Reviews

Publishers Weekly
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Three teens complete an English assignment detailing their "most excellent year" in this big, warmhearted tale about musical theater, political organizing, baseball, friendship and love. Tony Conigliaro Keller (named like everyone in his family for a Boston Red Sox player) and Augie Hwong have been self-declared brothers since age six, when T.C.'s mother died. Entering high school, everyone but Augie knows that Augie is gay, which finally dawns on him when he falls for another student. Meanwhile, T.C. develops an intense crush on the novel's third essayist, Ale Perez, daughter of a Mexican diplomat now teaching at Harvard. While T.C. and his father share a baseball obsession, Augie and Ale get close when both are cast in Kiss Me, Kate. The essay segments are spliced with diary entries (T.C.'s are addressed to his mother, Ale's to Jacqueline Kennedy); e-mails from and between parents, teachers and Ale's former Secret Service agent; reprints of Augie's mother's hilariously excoriating theater reviews; transcripts of IM sessions. The characters are a little too good to be true, and there's a distracting and improbable subplot about a deaf motherless child obsessed with Mary Poppins. The protagonists sometimes sound more like 40-year-olds than teens; however, the results are unexpectedly positive, opening up the audience to adults as well as the target reader. Ages 12-up. (Mar.) (c) Copyright PWxyz, LLC. All rights reserved


School Library Journal
(c) Copyright 2010. Library Journals LLC, a wholly owned subsidiary of Media Source, Inc. No redistribution permitted.

Gr 8-11-Three bright and funny Brookline, MA, eleventh graders look back on their most excellent year-ninth grade-for a school report. Told in alternating chapters by each of them, this enchanting, life-affirming coming-of-age story unfolds through instant messages, emails, memos, diary entries, and letters to celebrity divas and to a deceased mom. T.C. (Anthony Conigliaro) Keller, whose mother died when he was six, is in love with baseball and Alejandra (Ale) Perez. She and Augie Hwong, who is gay and in love with Andy Wexler, are passionate about the stage and screen, and Augie and T.C. have been "brothers" since they were six. The teens mount a fabulous talent show, launch a couple of grassrooots political movements, and bring hope and love to a deaf, six-year-old foster child. What's more, Augie and T.C. have a refreshingly positive relationship with their parents. Similar in storytelling style to Kate Klise's classic Regarding the Fountain: A Tale, in Letters, of Liars and Leaks (Avon, 1998), this is a rich and humorous novel for older readers. The teen and adult characters are quirky and charming, and their adventures are involving without being over-the-top. A fun, feel-good story with star quality.-Sharon Senser McKellar, Oakland Public Library, CA (c) Copyright 2010. Library Journals LLC, a wholly owned subsidiary of Media Source, Inc. No redistribution permitted.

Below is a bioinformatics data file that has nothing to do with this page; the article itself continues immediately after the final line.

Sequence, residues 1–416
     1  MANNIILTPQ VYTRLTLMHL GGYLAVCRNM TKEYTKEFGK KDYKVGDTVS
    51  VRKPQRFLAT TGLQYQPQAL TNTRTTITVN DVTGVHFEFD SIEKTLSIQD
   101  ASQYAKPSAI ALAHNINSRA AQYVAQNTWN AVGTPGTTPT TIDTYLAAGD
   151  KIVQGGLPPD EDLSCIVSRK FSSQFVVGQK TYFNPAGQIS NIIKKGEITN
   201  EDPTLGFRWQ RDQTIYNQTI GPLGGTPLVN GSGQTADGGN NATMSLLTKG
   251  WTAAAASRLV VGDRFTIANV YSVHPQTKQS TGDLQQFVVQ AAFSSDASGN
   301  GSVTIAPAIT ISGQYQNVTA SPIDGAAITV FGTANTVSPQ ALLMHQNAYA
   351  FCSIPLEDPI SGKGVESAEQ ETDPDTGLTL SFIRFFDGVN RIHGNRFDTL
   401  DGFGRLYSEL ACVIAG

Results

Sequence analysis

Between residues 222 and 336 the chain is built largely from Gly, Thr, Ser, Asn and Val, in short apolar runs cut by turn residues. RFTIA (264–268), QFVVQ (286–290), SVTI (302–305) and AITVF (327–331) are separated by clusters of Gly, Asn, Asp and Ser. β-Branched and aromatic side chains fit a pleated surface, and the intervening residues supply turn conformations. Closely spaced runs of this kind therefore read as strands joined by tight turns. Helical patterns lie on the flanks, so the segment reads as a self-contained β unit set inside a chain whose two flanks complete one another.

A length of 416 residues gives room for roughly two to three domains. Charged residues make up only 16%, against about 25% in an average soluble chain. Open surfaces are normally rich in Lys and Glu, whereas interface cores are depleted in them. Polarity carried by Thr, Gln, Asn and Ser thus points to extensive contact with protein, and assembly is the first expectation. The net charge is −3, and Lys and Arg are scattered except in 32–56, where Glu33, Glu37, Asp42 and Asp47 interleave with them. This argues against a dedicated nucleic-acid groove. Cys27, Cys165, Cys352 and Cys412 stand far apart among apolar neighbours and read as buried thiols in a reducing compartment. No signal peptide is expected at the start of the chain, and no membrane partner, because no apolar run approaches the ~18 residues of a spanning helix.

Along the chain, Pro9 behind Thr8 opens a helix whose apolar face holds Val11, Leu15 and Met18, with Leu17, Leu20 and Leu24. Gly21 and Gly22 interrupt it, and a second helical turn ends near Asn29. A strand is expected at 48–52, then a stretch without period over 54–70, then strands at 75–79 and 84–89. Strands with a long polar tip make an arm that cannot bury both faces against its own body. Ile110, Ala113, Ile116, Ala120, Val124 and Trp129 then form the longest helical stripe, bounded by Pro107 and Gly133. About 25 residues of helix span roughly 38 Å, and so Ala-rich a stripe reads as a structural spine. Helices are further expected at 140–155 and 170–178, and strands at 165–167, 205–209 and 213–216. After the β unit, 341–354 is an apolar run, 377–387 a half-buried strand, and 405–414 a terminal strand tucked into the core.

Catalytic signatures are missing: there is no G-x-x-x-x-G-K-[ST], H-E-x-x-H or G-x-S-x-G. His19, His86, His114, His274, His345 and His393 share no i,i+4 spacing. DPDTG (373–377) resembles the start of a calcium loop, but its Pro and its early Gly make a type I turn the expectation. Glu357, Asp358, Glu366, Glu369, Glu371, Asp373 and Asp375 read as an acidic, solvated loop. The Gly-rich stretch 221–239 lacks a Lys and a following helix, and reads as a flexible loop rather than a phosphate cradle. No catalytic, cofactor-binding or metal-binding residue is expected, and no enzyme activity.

Book list
From Booklist, Copyright © American Library Association. Used with permission.

In his first novel for young readers, Kluger revisits themes in his adult titles: baseball, romantic sparring, and social activism. Boston teens T. C. and Augie are such close friends that their families acknowledge them as brothers. Alejandra has recently arrived from Washington, D.C., where her father served as a Mexican ambassador to the U.S. Written in multiple voices and nontraditional formats, including instant messages and school assignments, Kluger's crowded, exuberant novel follows the three high-school freshman through an earth-shaking year in which musical-theater-obsessed Augie realizes that he is gay, Alejandra reveals her theatrical talents to disapproving parents, and T. C. tries to make a deaf child's greatest wish come true. At the center are heart-pulling romances (even a few among adults) and a broadening sense of what family means. A few plot twists will require readers to suspend belief, and the voices tend to sound alike. Still, the appealing characters are bright, passionate, and fully engaged in their lives, and many readers will lose themselves in this original, high-spirited story.--Engberg, Gillian Copyright 2008 Booklist